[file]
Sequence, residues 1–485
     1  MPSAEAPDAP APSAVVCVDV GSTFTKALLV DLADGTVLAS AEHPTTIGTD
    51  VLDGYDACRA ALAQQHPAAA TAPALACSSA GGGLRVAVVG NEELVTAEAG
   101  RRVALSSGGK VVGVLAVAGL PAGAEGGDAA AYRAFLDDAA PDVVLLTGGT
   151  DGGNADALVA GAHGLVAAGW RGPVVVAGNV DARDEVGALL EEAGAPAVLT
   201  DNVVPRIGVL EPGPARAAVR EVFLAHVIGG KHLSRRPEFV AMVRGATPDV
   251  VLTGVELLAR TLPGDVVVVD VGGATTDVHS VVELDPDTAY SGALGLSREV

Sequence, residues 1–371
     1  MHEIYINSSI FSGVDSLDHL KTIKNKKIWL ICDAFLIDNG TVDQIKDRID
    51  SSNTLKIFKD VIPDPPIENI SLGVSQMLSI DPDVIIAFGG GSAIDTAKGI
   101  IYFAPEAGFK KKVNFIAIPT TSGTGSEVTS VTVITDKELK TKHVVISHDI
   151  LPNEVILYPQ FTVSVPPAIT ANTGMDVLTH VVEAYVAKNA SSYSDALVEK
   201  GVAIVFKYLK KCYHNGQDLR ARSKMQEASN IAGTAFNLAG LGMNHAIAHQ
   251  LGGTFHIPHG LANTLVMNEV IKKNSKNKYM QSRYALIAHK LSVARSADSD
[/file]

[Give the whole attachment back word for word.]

Sequence, residues 1–485
     1  MPSAEAPDAP APSAVVCVDV GSTFTKALLV DLADGTVLAS AEHPTTIGTD
    51  VLDGYDACRA ALAQQHPAAA TAPALACSSA GGGLRVAVVG NEELVTAEAG
   101  RRVALSSGGK VVGVLAVAGL PAGAEGGDAA AYRAFLDDAA PDVVLLTGGT
   151  DGGNADALVA GAHGLVAAGW RGPVVVAGNV DARDEVGALL EEAGAPAVLT
   201  DNVVPRIGVL EPGPARAAVR EVFLAHVIGG KHLSRRPEFV AMVRGATPDV
   251  VLTGVELLAR TLPGDVVVVD VGGATTDVHS VVELDPDTAY SGALGLSREV

Sequence, residues 1–371
     1  MHEIYINSSI FSGVDSLDHL KTIKNKKIWL ICDAFLIDNG TVDQIKDRID
    51  SSNTLKIFKD VIPDPPIENI SLGVSQMLSI DPDVIIAFGG GSAIDTAKGI
   101  IYFAPEAGFK KKVNFIAIPT TSGTGSEVTS VTVITDKELK TKHVVISHDI
   151  LPNEVILYPQ FTVSVPPAIT ANTGMDVLTH VVEAYVAKNA SSYSDALVEK
   201  GVAIVFKYLK KCYHNGQDLR ARSKMQEASN IAGTAFNLAG LGMNHAIAHQ
   251  LGGTFHIPHG LANTLVMNEV IKKNSKNKYM QSRYALIAHK LSVARSADSD